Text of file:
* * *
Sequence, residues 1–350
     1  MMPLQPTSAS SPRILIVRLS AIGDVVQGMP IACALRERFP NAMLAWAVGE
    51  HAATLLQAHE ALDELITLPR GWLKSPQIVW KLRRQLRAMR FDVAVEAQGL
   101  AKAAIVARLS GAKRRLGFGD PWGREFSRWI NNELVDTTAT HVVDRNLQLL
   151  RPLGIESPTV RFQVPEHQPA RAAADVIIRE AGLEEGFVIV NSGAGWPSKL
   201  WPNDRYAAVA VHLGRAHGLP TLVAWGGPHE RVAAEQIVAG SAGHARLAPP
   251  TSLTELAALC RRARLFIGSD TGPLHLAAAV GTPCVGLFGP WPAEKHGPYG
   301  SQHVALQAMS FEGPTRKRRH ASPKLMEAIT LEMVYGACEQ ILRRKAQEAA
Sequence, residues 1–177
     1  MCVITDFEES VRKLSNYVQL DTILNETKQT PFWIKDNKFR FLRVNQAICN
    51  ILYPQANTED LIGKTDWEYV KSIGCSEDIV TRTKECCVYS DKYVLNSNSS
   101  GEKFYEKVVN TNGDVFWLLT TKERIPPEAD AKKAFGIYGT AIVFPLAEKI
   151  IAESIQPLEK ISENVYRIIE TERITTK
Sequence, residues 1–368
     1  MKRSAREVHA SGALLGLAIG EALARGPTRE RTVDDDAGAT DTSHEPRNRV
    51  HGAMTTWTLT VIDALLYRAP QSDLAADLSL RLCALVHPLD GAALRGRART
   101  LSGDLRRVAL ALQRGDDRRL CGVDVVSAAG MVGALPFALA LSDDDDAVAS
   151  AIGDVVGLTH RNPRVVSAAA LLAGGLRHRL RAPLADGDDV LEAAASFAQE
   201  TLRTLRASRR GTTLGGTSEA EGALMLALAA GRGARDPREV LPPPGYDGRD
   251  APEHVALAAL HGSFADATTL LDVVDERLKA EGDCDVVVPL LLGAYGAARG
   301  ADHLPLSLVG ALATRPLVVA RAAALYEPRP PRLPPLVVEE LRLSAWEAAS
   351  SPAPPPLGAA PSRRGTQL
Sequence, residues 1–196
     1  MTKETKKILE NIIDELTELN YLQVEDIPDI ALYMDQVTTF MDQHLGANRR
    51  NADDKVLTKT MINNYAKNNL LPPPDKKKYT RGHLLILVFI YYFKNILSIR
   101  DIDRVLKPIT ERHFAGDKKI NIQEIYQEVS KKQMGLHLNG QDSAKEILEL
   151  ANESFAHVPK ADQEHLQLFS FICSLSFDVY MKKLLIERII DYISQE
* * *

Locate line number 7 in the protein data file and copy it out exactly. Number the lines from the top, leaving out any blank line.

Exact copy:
   251  TSLTELAALC RRARLFIGSD TGPLHLAAAV GTPCVGLFGP WPAEKHGPYG